These initial migrants are usually failed or non-breeders, with the peak period still to come. They are often still in (partial) breeding plumage though, so can look bright and quite different to their winter garb that we are more familiar with. This may cause some confusion initially, but it demonstrates for example why the full name for the familiar winter species here on Wirral is Red Knot.
After the mild winter, spring migration seemed to start early. However, the lack of a settled spell of weather has meant that birds have only been coming through in dribs and drabs.
Wheatears have been fairly numerous, but birds such as Ring Ouzel, Yellow Wagtail, Redstart and Whinchat have been harder to find. I did find single Willow Warbler and Whitethroat, and heard a lone Reed Warbler at Leasowe on Friday.
Several White Wagtails were in a ploughed field beside Banks Road. There is still time for more passage birds however, given some favourable conditions. I also saw my first Swift of the year by Shotton Fields, one of my favourite birds of every summer.
At Burton Mere Wetlands meanwhile, the first Lapwing brood has already fledged (which is early), and the Avocets have started laying. The reed beds and woods are starting to fill with warblers, even though the wind can make hearing or seeing them difficult. The Little Egrets are active in Marsh Covert, and the Bluebells are also at their best now.
Finally, a reminder to start collecting your photos to show at the AGM on 25th May. If you do not want to present them yourself, I would be happy to do it on your behalf. Just load them on a memory stick and bring it along.
This has become a successful and integral part of the evening so please help contribute. See you there!
I have just returned from a holiday in Costa Rica, and I know one or two members have also been there recently.
I am pretty sure they would agree with me that it is a beautiful country with magnificent scenery and wonderful wildlife.
What was particularly encouraging was how much the local people value their rich environment and the steps they take to maintain and preserve the national parks in particular.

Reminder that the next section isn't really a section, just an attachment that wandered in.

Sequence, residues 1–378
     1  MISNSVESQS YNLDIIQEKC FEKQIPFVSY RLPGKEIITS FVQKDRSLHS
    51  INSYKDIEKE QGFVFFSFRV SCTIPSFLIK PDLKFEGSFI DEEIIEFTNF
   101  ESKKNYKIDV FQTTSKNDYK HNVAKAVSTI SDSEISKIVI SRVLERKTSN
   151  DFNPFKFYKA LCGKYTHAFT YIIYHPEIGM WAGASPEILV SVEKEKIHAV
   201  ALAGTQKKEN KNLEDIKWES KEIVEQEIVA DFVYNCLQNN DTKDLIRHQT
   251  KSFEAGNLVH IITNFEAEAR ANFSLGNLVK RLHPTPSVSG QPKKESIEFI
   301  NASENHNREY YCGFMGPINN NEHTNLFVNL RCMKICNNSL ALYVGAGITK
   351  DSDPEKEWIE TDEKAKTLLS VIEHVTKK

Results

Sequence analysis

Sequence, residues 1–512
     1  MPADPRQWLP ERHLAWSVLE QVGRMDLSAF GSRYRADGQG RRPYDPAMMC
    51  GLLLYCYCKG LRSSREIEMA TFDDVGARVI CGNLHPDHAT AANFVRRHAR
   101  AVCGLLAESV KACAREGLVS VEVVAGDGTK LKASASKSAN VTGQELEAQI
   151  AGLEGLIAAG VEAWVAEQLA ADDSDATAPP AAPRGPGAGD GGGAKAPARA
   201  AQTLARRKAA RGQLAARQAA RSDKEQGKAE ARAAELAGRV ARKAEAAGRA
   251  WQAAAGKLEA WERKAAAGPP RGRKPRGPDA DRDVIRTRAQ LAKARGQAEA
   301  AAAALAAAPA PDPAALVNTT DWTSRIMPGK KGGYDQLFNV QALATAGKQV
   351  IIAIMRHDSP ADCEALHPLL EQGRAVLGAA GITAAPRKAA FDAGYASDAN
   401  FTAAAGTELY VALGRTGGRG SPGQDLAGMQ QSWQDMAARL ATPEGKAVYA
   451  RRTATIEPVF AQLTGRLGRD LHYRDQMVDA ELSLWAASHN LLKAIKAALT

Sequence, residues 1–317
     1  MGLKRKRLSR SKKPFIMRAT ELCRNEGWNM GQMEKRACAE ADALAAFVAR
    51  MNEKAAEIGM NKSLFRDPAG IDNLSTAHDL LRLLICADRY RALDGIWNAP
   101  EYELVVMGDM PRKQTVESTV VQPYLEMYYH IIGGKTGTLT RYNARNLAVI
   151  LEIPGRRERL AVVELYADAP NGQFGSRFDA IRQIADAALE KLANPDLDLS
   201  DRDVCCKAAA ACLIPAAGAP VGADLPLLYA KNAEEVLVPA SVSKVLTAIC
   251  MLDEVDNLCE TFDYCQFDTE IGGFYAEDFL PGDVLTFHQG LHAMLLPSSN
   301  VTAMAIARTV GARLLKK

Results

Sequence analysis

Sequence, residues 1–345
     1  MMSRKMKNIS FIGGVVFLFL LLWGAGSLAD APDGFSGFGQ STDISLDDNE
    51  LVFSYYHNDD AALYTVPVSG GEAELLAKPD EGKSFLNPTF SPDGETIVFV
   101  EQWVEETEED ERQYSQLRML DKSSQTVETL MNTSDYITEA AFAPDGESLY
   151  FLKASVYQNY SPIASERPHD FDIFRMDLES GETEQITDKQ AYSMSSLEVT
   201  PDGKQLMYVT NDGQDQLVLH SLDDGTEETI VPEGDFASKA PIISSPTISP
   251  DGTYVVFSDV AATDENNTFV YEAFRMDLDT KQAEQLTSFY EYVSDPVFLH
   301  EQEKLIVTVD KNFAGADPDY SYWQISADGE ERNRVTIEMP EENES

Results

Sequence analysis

I hope to give a talk on the country in the next programme but here are a few ‘tasters’.
Meantime, here on Wirral there are clear signs that spring has arrived. The first Avocets were at BMW in mid February.
This last week there have been reports of Wheatear, Sand Martin, House Martin and Ring Ouzel locally.
We will be looking out for more migrants during our next field meeting at Leasowe.
It promised to be a nice Winter’s day so I travelled to Red Rocks in search of the Snow Bunting that had been reported over the previous day or two. I didn’t have to look for long as the bird was close to the slipway and feeding on the beach and amongst the rocks.
Photographers had scattered some seed for it, and it was very obliging for the few people gathered to watch it. It was probably so full it could not fly far even if it wanted to!
After admiring the beauty of the plumage and taking a few photos I moved on West Kirby Marine Lake. The air was still and the water was so calm, that there were beautiful reflections in the mirror-like surface. Although the air temperature was only around 5 degrees, with a bright sun and no wind-chill it felt more like a Spring day. A little flock of assorted waders was sitting on the rocks, basking in the warm sunlight.
Further out on the lake were several Red-breasted Mergansers, both male and female, and a couple of drake Goldeneye. They were all diving frequently to feed and they kept reappearing in a different place, making taking photographs difficult! Black-headed Gulls loafed on the pontoon as they often do here. I could not locate the female Goosander that had been reported here though.
Having completed a full circuit of the lake, I then moved on to Thurstaston Country Park and sat down in the visitors centre to scan the feeding station. It was not as busy as it might have been on a colder day, but several male House Sparrows looked smart in their breeding plumage.
Two Collared Doves were showing signs of displaying and paring off. A pair of stunning Bullfinches turned up, but were always very wary and quickly flew back into the trees. Even a drake Mallard on the pond look magnificent. If you saw this bird in an exotic Asian country you would drool over it, but I think we often take them too much for granted!
The following day the weather changed back to the normal grey, windy conditions, so it was nice to have been out on such a pleasant day. Spring is not quite here yet and there is still time for a sting in the tail, but it was a taste of things to come.
Last night I went to the evening with Iolo Williams at Neston Cricket Club in Parkgate. It was nice to see several Club members there too. Iolo regaled us with a brilliant talk on Raptors that was entertaining, informative, and hilarious in equal measures. I don’t think anyone went away disappointed. No pressure for my talk to the Club in June then!